1) How did you get the idea for Madapple?
When I was an undergraduate studying comparative religion, I was fascinated to learn that certain mythologies seem to cross religions and cultures. I thought it would be interesting to build a sort of mystery around some of these overlapping traditions.
Then I went to law school and began working as a litigator. Ultimately, it was my experience as a litigator, combined with my background in comparative religion, that spurred my writing of Madapple. As a litigator, I spent my days formulating arguments for my clients, selecting and emphasizing those facts that best supported by positions. In each case, opposing counsel would do the same, emphasizing those facts that best supported her argument. In theory, truth somehow filtered through: the judge or jury would sort through the extreme arguments and parse out what was fair and true. In actuality, each argument oversimplified reality, and the ending result, while perhaps as fair as was feasible, often had little to do with truth.
In Madapple, I wanted to build on this experience and explore ways in which we humans, in our attempt to understand the world, at times simplify and thereby distort it. I wanted to think about how we create categories, based on what we want or have felt or believe is socially acceptable, and then divide the world into these categories.
Specifically, I wanted to explore the dichotomy between science and religion. As Aslaug, the protagonist of MADAPPLE, says, "Science describes the world, it doesn't explain it: it can describe the universe's formation, but it can't explain
how something can come from nothing. That's the miracle." Yet religion absent science also seems insufficient. If God exists, would not nature be a means by which to understand God? The more I researched the natural world in my writing of MADAPPLE, the more convinced of this I became.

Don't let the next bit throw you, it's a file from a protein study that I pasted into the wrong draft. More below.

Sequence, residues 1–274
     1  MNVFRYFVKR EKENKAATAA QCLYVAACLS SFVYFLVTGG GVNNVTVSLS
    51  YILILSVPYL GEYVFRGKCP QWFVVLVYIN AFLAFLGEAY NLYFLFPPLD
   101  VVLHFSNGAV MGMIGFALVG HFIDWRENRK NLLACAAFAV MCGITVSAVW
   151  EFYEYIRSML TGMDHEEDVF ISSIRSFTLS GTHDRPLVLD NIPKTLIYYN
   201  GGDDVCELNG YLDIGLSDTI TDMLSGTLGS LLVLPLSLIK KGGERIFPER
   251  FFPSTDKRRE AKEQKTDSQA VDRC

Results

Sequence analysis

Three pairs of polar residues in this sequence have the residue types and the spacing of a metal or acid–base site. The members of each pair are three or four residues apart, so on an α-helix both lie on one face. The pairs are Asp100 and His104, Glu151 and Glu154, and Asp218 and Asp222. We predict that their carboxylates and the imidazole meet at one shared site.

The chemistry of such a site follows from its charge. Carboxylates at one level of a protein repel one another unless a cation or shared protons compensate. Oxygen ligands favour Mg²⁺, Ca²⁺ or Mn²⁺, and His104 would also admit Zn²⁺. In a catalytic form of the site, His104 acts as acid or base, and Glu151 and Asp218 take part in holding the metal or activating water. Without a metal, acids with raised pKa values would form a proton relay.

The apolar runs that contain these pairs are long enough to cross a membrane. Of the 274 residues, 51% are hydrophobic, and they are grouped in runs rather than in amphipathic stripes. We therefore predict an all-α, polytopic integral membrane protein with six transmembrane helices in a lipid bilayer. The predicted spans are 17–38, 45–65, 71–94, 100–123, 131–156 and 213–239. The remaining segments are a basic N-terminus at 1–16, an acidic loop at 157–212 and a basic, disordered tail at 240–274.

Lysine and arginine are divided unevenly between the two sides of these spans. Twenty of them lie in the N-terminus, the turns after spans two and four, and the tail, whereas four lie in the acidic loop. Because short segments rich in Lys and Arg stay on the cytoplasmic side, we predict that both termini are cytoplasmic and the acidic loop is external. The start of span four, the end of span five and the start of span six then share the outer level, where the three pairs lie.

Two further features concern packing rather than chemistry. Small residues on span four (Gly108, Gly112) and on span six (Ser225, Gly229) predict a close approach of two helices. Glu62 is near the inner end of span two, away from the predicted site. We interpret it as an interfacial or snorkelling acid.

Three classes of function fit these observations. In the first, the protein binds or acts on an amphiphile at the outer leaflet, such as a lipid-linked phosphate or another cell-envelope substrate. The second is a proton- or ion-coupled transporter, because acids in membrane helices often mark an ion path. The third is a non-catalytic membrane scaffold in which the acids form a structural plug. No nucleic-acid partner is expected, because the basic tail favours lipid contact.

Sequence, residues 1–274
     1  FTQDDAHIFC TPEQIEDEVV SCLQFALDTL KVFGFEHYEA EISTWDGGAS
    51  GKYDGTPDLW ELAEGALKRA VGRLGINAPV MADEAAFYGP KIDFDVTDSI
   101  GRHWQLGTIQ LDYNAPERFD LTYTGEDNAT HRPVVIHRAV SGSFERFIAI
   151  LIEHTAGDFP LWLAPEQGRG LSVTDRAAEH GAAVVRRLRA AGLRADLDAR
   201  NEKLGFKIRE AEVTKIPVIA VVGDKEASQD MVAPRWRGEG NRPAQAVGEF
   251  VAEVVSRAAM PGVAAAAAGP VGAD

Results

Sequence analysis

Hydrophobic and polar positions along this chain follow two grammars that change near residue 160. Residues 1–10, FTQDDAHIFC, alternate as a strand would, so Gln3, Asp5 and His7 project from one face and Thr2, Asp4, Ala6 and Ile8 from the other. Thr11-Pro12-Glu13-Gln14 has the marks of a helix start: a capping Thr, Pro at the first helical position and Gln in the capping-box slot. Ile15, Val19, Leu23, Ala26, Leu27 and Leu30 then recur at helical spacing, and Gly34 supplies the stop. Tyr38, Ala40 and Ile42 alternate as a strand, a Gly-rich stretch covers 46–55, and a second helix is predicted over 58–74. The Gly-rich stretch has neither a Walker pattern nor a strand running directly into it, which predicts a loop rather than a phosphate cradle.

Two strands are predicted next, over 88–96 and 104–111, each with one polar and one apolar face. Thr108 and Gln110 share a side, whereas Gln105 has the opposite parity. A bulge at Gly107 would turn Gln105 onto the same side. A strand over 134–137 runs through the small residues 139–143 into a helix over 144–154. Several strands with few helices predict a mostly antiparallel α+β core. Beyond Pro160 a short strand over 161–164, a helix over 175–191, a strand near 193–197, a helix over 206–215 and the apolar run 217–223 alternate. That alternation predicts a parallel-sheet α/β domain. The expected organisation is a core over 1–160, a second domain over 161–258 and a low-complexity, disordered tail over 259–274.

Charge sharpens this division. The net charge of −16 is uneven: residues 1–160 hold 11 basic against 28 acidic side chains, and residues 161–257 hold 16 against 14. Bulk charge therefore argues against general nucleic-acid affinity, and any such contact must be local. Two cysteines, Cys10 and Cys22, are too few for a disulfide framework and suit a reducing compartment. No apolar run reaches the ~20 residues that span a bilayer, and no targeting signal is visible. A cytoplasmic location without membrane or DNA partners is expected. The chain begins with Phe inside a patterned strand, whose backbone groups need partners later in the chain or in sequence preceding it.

Ultimately, I hoped MADAPPLE would be a contemplation on faith: faith in God; faith in science; and the way in which faith can both open the mind and confine it.
2) What are you working on right now? Can you tell us anything about it?
My second book also is a literary mystery of sorts. It is under contract with Knopf as well, and I have finished a draft. That said, I feel more comfortable not sharing a lot about my writing while I'm in the process of writing. I find I need the space to not be too critical or self-conscious at the outsetso that the ideas can flow more freely. For this reason, I'd rather not share any more about it now, but thank you for asking!
3) How was the journey to getting Madapple published? Was it really difficult?
I just today finished an entry about this very issue which will appear on author Meg Waite Clayton's blog, http://1stbooks. blogspot. com/. Writing and publishing Madapple took a long time. I spent many years researching and writing it. The publishing part was a bit easier for me. I was lucky in that I met my agent, Laura Rennert, at a conference and she offered to represent me before I had completed the novel. I think attending writing conferences is a wonderful way not only to hone the craft of writing but also to meet agents and editors and other writers. The biggest challenge for my agent and me was determining how to market Madapplethat is, whether to try to sell it as an adult book or a young adult book. Ultimately, we decided it was best to seek out the best editor and publishing house possible, and let the publisher make that decision. I signed with editor Michelle Frey at Knopfwhom I think was the perfect editor for Madapple. Michele decided to market Madapple as a "crossover" book, a book intended for both adults and mature teens.